Vietnamese food is a blend of Chinese and Thai styles and features seafood and homegrown fruits and vegetables.
As a communist country, Vietnam has no official religion. But people are free to worship if they want to, and many follow what’s called the “Three Teachings” of Confucianism, Taoism, and Buddhism.
GOVERNMENT & ECONOMY
Vietnam is a socialist state governed by the Communist Party of Vietnam. A president, chosen by the National Assembly, is head of state and commander of the armed forces. An appointed prime minister runs the government.
Vietnam’s main exports include crude oil, seafood, rice, shoes, wooden products, machinery, electronics, coffee, and clothing. Between 1975 and the late 1980s, Vietnam traded mainly with other communist countries, but since the collapse of the Soviet Union in 1990, it has expanded trade with other nations.
Vietnam’s first civilizations arose in the Red River Valley some 5,000 years ago. These northern tribes flourished until 207 B.C., when their region was conquered by a Chinese lord, who established a kingdom called Nam Viet.
In 111 B.C., Nam Viet became part of the Chinese empire, which ruled the north until A.D. 939, when a Vietnamese commander named Ngo Quyen organized a revolt that drove the Chinese out. Later dynasties renamed the country Dai Viet and gradually extended their territory south. By the mid-1500s, Dai Viet was divided between rival kingdoms: the Trinh in the north and the Nguyen in the south.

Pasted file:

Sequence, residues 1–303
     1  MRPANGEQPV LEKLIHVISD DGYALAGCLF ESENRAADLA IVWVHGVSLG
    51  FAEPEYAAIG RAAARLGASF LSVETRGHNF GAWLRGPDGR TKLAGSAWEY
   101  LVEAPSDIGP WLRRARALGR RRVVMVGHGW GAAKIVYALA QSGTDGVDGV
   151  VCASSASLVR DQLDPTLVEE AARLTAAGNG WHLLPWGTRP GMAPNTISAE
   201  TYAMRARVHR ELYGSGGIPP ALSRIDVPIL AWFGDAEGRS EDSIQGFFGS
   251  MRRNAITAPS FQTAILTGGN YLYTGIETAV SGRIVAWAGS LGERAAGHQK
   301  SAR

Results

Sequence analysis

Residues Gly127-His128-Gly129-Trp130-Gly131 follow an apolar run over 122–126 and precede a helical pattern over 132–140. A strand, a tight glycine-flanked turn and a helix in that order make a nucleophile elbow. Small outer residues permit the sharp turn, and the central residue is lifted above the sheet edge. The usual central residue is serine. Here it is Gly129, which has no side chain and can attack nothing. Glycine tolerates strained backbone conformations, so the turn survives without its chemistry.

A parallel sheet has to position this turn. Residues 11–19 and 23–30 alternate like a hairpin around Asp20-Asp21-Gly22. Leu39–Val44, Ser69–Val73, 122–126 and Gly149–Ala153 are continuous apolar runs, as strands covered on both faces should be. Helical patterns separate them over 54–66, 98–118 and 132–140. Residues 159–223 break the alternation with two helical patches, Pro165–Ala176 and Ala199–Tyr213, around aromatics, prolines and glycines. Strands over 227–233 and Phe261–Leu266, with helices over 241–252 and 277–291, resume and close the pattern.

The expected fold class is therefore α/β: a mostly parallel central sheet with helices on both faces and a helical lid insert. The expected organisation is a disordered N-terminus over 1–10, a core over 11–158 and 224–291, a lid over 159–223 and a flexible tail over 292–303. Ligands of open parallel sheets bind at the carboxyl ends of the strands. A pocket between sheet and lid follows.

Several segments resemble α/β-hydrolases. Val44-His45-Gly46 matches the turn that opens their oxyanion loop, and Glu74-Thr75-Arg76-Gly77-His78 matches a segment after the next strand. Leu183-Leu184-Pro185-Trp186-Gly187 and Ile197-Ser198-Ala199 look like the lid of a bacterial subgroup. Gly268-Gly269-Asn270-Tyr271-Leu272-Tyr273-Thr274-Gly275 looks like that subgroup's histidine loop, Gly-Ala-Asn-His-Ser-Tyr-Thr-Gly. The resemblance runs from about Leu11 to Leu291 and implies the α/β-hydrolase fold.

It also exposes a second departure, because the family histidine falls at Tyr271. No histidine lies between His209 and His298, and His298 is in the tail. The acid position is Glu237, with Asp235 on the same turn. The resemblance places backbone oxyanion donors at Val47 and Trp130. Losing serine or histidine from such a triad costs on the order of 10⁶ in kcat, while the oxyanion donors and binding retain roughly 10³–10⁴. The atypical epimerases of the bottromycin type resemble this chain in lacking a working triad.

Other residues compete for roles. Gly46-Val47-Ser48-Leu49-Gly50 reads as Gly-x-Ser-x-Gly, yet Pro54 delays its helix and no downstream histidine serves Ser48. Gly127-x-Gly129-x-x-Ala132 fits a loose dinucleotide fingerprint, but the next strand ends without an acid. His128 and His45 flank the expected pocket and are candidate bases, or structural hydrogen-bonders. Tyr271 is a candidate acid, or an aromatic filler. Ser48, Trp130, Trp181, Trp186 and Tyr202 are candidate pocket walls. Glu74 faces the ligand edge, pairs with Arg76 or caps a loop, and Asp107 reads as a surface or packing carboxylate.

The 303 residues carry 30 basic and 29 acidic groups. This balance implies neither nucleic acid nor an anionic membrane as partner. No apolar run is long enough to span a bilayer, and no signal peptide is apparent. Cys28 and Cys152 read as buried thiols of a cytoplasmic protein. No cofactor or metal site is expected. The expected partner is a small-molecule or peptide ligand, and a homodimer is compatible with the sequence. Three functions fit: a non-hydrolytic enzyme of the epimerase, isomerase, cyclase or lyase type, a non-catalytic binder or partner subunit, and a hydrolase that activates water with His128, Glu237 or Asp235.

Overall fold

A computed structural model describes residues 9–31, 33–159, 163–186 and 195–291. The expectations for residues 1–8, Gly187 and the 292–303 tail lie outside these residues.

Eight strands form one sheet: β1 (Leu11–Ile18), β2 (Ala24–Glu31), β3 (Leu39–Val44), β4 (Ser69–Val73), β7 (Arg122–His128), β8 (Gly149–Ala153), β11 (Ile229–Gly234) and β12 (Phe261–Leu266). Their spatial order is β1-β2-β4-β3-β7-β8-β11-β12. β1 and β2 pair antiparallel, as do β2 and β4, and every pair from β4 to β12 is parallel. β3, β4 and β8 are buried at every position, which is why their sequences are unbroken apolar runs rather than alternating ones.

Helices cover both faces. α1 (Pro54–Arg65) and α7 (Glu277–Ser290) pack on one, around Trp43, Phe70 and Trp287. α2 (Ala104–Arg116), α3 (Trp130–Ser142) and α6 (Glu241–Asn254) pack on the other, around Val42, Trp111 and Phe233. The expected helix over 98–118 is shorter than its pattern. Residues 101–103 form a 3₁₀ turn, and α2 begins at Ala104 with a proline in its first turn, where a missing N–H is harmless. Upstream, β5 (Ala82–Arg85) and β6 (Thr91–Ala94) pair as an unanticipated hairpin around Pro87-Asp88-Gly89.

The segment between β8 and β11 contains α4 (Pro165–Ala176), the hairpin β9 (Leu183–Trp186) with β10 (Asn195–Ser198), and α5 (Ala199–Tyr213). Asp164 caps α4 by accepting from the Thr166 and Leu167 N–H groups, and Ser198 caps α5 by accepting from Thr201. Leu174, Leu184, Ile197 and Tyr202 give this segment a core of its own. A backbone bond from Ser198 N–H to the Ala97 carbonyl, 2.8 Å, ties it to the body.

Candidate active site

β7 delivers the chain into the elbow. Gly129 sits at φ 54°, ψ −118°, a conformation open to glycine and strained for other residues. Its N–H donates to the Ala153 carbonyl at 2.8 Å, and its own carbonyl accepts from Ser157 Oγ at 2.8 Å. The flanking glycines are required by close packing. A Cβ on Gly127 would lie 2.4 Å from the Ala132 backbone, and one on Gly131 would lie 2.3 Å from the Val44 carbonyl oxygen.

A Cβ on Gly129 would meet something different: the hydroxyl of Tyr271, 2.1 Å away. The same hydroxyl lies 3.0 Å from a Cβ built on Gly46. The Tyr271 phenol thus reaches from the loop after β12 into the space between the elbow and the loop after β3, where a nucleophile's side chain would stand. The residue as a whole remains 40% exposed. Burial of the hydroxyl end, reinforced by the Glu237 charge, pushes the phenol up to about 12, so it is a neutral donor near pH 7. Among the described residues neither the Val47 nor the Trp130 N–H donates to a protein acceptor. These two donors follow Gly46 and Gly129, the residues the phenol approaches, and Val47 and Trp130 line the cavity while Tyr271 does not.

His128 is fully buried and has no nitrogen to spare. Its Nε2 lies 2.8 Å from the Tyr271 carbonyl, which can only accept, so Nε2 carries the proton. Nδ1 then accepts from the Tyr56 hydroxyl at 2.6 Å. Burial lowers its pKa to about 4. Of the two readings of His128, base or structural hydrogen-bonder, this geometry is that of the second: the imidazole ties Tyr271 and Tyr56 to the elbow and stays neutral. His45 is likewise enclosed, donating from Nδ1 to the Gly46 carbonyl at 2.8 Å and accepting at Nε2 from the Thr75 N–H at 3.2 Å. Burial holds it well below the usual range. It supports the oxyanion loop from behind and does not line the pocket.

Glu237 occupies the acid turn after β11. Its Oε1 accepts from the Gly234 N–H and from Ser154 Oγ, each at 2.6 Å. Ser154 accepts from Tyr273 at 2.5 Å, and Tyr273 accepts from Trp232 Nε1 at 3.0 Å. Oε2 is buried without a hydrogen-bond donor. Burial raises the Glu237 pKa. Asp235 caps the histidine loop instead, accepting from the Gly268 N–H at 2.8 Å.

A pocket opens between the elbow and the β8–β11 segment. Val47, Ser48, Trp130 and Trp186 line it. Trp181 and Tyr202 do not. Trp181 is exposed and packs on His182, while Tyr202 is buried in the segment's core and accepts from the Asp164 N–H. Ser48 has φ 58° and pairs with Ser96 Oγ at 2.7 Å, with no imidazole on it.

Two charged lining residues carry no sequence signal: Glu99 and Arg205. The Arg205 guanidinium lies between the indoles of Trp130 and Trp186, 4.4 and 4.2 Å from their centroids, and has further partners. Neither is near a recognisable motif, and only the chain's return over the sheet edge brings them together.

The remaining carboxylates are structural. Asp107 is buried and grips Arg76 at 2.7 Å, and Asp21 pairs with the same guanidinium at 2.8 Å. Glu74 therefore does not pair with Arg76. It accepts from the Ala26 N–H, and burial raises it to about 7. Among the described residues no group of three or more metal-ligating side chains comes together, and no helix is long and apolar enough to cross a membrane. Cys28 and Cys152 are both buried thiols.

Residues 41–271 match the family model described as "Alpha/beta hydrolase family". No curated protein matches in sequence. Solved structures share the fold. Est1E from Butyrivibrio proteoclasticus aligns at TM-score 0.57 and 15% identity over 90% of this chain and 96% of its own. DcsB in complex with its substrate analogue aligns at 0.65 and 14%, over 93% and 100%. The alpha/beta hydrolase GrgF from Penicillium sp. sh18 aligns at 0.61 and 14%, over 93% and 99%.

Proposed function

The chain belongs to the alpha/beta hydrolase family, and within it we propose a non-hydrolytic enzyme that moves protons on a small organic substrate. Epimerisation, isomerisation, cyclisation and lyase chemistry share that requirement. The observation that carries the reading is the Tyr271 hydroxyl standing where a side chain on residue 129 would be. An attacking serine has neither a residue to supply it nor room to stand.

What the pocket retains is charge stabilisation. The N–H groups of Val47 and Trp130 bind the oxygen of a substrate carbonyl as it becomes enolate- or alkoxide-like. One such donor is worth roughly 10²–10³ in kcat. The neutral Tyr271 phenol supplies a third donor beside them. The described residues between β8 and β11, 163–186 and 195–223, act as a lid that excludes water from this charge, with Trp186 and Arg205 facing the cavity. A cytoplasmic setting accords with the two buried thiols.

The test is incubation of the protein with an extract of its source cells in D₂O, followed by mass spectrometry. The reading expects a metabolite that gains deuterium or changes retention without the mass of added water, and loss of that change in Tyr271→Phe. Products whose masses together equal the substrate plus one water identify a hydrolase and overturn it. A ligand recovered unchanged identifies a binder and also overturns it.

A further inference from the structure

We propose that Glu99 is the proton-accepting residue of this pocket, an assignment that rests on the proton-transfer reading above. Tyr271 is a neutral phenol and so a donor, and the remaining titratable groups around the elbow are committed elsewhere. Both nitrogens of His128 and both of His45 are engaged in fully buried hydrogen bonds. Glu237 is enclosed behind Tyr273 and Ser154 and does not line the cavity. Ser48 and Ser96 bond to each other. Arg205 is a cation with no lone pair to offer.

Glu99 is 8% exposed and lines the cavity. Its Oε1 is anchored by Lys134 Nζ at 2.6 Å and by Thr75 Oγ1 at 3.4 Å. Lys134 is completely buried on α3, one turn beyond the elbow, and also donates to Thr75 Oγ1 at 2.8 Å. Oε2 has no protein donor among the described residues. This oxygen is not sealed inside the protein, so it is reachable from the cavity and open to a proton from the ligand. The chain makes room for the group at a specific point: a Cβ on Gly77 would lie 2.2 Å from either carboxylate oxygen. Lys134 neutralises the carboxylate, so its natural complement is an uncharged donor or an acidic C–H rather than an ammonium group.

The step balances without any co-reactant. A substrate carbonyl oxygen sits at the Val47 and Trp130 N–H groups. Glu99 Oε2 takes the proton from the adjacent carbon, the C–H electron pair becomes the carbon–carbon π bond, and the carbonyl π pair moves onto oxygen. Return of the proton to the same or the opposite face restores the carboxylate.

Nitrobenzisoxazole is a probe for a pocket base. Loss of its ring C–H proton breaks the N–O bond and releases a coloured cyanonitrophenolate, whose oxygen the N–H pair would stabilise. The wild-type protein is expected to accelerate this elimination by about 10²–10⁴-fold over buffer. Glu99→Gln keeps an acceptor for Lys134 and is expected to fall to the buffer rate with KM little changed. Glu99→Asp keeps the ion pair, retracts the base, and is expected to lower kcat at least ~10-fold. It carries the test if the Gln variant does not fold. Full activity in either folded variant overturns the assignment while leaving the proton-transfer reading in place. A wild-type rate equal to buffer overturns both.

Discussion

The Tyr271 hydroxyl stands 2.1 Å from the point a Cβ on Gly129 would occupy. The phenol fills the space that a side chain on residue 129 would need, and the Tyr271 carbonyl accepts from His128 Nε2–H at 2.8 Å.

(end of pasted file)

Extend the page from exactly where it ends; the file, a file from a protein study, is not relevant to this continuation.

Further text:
In 1802, a Nguyen lord, with the help of the French, defeated the Trinh and renamed the country Vietnam. By 1890, however, France had taken over Vietnam.
Japan took control briefly during World War II, and when the war ended with Japan’s defeat in 1945, Ho Chi Minh, the leader of the Vietnamese Communist Party, declared Vietnam an independent nation. French attempts to retake Vietnam led to war with the communist Vietnamese, called Viet Minh. Fighting ended in 1954 with the partition of the country into communist North and non-communist South Vietnam.
In 1957, communist rebels in the south, called Viet Cong, rose up. War between the North and South ensued, and other countries, including the United States, Russia, and China, soon became involved. The fighting lasted until 1975, when the communists overran the south and took its capital, Saigon.